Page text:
Everest Summit – summary written on May 27, 2010

Since the summit day (May 24th), we have been on the move every day— descending from Camp 4 (C4) to Camp 2 (C2), then C2 to Everest Base Camp (EBC). Then packing and moving out of EBC, and now I’m on my way hiking out of Khumbu Valley.  While busy walking or climbing every day, I have kept on thinking again and again of what happened during the past few days, but didn’t have much time to sit down writing. This is by no means a detailed report; rather, I just want to give everyone a general idea of what our summit day on Everest was like.

Thunder in the heavens

First of all, it’s very important to clarify the actual condition of the summit day, or more accurately, the summit night. The weather forecast was “less wind, but higher probability of precipitation.” There’s no way to know how much “higher” probability and how much precipitation. So we had to go with our guts and hope for the best. The snow and wind started in the afternoon and soon became blowing snow, heavy storm conditions by the time we were ready to ascend.

Camp 2 radioed down, “Hey, we are snowing at Camp 2 here. How are the conditions down there?” Justin humorously responded, “Yah, we see snow coming up from the ground here.”

We started the summit push around 8pm on May 23rd despite the blowing snow and limited visibility. Alpine Ascents also stuck to original summit plan, as we did, in the hopes of conditions improving later. But Rainier Mountaineering (RMI) postponed their summit push to the next day. I started out by fully covering my face with the combination of goggles, balaclava, buff, and oxygen mask.

Slowly, my goggles started to fog up, but I dared not take them off because I have heard several stories of frozen corneas on summit day, and that would be the end of it all! The few times I briefly removed my goggles to clean them, the wind and snow would blind me instantly. I could feel it was very cold out there, but I was keeping myself very warm with a good climbing rhythm until we hit Balcony.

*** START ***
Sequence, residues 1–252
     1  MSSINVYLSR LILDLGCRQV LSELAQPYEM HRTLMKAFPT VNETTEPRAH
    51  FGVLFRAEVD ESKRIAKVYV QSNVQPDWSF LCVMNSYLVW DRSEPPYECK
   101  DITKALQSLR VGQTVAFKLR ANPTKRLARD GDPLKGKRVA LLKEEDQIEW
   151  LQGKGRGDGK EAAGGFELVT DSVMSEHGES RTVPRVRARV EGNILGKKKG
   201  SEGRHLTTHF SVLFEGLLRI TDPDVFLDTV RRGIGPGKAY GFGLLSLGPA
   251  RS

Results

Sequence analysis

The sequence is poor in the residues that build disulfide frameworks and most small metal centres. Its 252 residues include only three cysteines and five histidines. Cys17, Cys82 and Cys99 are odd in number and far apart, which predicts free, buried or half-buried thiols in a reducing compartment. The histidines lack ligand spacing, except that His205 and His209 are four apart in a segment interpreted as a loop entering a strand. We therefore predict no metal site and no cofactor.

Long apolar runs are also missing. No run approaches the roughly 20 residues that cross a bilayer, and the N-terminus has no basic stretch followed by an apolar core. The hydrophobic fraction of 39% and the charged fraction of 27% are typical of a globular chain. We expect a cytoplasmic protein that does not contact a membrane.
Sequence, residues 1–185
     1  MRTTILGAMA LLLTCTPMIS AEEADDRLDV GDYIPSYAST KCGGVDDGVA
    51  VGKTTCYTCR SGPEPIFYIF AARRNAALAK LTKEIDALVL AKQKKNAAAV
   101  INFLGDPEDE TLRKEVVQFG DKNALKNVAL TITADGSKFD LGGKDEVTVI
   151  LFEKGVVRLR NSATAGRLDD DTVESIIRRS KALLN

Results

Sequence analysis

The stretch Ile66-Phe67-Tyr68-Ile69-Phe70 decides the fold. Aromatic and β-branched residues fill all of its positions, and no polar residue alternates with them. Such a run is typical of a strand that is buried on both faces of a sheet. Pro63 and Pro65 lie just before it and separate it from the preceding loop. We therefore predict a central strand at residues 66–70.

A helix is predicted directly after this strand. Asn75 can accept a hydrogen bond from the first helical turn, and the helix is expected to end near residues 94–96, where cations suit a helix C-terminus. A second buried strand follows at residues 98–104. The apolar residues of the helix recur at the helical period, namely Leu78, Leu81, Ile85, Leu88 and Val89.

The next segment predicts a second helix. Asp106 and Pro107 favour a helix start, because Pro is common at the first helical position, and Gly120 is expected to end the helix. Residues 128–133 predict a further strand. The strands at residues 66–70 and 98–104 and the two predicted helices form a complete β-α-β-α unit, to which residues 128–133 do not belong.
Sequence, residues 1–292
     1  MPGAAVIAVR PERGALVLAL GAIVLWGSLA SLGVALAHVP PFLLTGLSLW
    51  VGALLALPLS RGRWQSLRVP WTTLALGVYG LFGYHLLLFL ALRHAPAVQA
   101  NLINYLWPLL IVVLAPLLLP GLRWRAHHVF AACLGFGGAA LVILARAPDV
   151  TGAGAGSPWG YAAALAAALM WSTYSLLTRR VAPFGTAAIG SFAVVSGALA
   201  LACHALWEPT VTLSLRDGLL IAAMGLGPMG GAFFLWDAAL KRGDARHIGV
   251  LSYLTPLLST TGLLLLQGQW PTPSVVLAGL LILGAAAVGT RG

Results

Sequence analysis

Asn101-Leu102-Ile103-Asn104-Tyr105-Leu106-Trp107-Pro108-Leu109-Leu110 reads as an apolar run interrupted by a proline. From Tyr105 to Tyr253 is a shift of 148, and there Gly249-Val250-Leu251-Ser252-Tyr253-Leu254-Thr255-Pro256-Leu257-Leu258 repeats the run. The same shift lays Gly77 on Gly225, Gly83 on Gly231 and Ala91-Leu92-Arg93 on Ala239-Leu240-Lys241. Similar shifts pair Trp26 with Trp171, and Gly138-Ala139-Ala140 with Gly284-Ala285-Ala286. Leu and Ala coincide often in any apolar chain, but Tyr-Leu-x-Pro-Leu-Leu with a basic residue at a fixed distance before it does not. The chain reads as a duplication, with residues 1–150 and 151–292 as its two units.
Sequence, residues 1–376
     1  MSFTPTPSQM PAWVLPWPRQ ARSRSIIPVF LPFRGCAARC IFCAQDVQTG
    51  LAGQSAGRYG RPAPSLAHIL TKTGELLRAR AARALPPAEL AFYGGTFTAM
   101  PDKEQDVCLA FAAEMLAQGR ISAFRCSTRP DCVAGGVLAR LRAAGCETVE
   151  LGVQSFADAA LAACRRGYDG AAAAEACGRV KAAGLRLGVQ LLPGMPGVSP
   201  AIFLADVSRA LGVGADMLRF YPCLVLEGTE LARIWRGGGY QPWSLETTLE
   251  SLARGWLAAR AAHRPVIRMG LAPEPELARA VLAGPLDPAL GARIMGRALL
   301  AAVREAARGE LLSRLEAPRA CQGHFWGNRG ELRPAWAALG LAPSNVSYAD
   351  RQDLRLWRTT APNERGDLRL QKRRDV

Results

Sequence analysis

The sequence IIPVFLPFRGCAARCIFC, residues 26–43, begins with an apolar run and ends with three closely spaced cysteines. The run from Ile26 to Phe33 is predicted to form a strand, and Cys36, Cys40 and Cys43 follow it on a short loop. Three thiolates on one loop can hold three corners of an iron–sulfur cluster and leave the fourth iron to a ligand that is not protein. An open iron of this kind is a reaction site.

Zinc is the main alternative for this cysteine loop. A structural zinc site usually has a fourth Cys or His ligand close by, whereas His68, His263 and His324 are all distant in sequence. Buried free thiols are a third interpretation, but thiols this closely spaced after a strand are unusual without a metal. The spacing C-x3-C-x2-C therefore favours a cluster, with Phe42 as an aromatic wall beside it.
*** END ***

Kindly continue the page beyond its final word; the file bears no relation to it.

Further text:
For a short period, there was even thunder and lightning around us. I was a little concerned, but obviously, there was nowhere to escape to and there were not many objects higher than us. Since lightning strikes on Everest are rare and the thunderstorm did not look like a severe one, our guide decided we would continue.

Balcony – a brief panic

My first scary moment came at Balcony (8,400 m, 27,600 ft), where we would change to a new oxygen bottle. I had been climbing at a good pace and did a good job keeping myself warm. After taking me off from my current bottle, my Sherpa Da Tenji found my new bottle leaking. This is considered to be the textbook reason for accidents on Everest! Any problems with an oxygen bottle not only would cost the summit, but more importantly, could easily cost a life.

While he was busy fixing it, I started to get cold fast. There was blowing snow all around us, blinding from all directions. No matter how I turned, it was impossible to find a safe place to drink or eat. As this dragged on for several minutes, too long in my mind, I started to find myself struggling for air, maybe out of panic. It felt like a long time, though I think it might just be psychological, but it was scary! During those long minutes, my mind kept imagining the worst.

Things that could go wrong…

While we were fumbling around with the bottle, many climbers have passed us and moved on. When I finally got going again, I soon found myself joined at the end of a line of climbers that were going nowhere. A veritable traffic jam on Everest! Another classic situation for accidents! I couldn’t see what was going on ahead. It was dark and visibility was low; I could not make out was around us, left or right. It looked like a narrow ridge, which would be very dangerous trying to get around other people. I was wondering if to the right side of us was China.

My guide, Justin, came up from behind and jumped on the snowbank in order to bypass the line to see what was going on ahead. After quite a while, Justin returned with one of our team members and told the team to “move slowly, wait for the sun! Hopefully the weather will improve!” (Later I learned the implication of that instruction was that Justin was planning to turn the whole team back at South Summit if the weather did not improve by the time we reached there. Looking back, we were lucky that the line moved so slow! Otherwise, my summit would have been called off!)

The line started to move but still at a snail’s pace. I don’t know how long I spent standing still, it felt like hours. My body didn’t heat up much yet, and now my feet and hands were starting to feel frozen. The traffic jam could also waste oxygen, a limited amount in each bottle. We would have to give up on the summit if we wasted too much time going nowhere. I have felt pretty confident about my physical condition before the summit push, but I have no control of all these kinds of unknown situations. I told myself, I love rock climbing and I want to continue to climb after this, so I can’t lose one toe or one finger! I kept on dancing on my feet and wiggling all toes and fingers.